What advice would you give to any asexual individuals out there who might be struggling with their orientation?

It’s okay to not have it figured out.  I’ve gone through several labels myself.  There is only one queer person I know who hasn’t questioned their romantic/sexual identity at some point and he’s gayer than a tree full of monkeys on nitrous oxide. It’s fine.  You’ll figure it out at some point.  😀

Finally, where can people find out more about your work?

My Tumblr is doctortreklock, and I’m on AO3 under the same.  My Etsy is HarmoniaThreadwork.

IMG_5321

Thank you, Amanda, for participating in this interview and this project. It’s very much appreciated.

Interview: Matthew J-B

Today we’re joined by Matthew J-B. Matthew is a wonderful artist who specializes in crafts. He does quite a bit of crafting, a little bit of everything in fact. He does crochet, sewing, yarn spinning as well as things like paper craft and duct tape craft. He even does some cooking. Matthew is an incredibly dedicated and enthusiastic artist, as you’ll soon read. My thanks to him for taking the time to participate in this interview.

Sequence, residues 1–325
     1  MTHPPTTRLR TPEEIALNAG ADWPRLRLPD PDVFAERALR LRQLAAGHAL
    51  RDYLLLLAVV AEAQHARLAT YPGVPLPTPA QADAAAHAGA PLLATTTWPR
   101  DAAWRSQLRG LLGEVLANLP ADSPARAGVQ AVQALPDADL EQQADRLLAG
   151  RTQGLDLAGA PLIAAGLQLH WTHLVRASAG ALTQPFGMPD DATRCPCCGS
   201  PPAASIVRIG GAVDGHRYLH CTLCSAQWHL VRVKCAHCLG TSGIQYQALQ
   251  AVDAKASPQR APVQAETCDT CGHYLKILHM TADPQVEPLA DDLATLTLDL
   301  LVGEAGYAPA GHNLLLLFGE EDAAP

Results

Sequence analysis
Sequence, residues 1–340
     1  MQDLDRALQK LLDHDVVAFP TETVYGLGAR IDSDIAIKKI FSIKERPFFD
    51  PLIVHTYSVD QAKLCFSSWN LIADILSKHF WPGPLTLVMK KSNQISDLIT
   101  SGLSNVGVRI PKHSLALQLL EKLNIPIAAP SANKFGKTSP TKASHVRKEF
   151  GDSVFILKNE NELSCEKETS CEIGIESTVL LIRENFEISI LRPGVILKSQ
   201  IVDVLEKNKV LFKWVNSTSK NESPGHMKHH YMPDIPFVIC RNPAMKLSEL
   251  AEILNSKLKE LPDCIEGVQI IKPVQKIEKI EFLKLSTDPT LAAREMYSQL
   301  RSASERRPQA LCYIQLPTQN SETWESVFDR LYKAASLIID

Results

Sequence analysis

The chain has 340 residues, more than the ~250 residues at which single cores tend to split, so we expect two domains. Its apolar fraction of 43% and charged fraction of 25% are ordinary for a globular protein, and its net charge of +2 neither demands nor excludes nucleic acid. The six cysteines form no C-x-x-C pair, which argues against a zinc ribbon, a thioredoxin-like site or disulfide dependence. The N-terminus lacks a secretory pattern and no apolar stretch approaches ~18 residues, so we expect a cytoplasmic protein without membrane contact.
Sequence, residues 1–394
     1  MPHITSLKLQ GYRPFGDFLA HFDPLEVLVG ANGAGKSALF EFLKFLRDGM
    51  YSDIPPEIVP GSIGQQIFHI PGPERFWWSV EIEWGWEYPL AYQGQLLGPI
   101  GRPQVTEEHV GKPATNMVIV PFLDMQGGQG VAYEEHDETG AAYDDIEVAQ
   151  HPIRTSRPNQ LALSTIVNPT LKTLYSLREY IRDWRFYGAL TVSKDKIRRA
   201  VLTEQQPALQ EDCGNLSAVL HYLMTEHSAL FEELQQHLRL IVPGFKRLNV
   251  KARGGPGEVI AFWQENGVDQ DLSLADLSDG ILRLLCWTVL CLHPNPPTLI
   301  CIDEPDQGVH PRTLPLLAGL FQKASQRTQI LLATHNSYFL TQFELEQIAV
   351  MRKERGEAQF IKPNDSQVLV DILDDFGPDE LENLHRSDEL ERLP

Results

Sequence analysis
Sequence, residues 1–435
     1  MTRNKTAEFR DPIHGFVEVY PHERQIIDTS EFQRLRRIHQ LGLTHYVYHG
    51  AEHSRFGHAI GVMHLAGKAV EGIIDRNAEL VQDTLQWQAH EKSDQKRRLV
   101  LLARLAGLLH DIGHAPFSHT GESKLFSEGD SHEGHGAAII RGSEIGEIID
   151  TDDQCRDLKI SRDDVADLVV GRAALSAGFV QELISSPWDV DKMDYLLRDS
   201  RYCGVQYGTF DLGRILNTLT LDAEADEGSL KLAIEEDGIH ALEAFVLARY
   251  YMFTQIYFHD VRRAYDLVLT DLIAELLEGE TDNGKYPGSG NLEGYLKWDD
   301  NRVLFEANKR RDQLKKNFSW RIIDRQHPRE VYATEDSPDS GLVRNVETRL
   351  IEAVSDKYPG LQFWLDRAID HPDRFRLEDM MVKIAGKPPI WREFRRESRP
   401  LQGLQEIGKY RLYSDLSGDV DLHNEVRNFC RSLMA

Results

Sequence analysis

buggies2

WORK

Please, tell us about your art.

I craft.  I make everything that I know how to make.  I crochet, spin yarn, sew, sculpt, paper craft, duct tape craft, rainbow loom, paint, make bath products and cook.

What inspires you?

Mostly what makes me happy inspires me.  I create thing for friends, family (including my critters) and sometimes just for myself. My best friend is also a very good and positive muse.  They inspire me to create things to make people happy.  I am also inspired by my spirituality and my devotion to my path. I have a close connection to Hephaestus, god of artisans.

What got you interested in your field?  Have you always wanted to be an artist?

I grew up surrounded by all sorts of crafting materials.  My mother has always had crochet projects and my grandmother before her is a leader in her retirement communities crafting circles.

DSC_0223

Do you have any kind of special or unique signature, symbol, or feature you include in your work that you’d be willing to reveal?

I do work with a lot of bird and animal imagery in my paper crafts since my parrots are such a huge part of my life.  But as far as universal signatures in my work, not so much.

What advice would you give young aspiring artists?

Just keep making.  You will find a medium you click with and maybe that is the one you love but sometimes you will love the look of painting but be predisposed to being better at crochet.  Nowhere is it written you can’t do both!  You can diversify and work on both what you are good at and what you love.  You have enough creativity to do it all!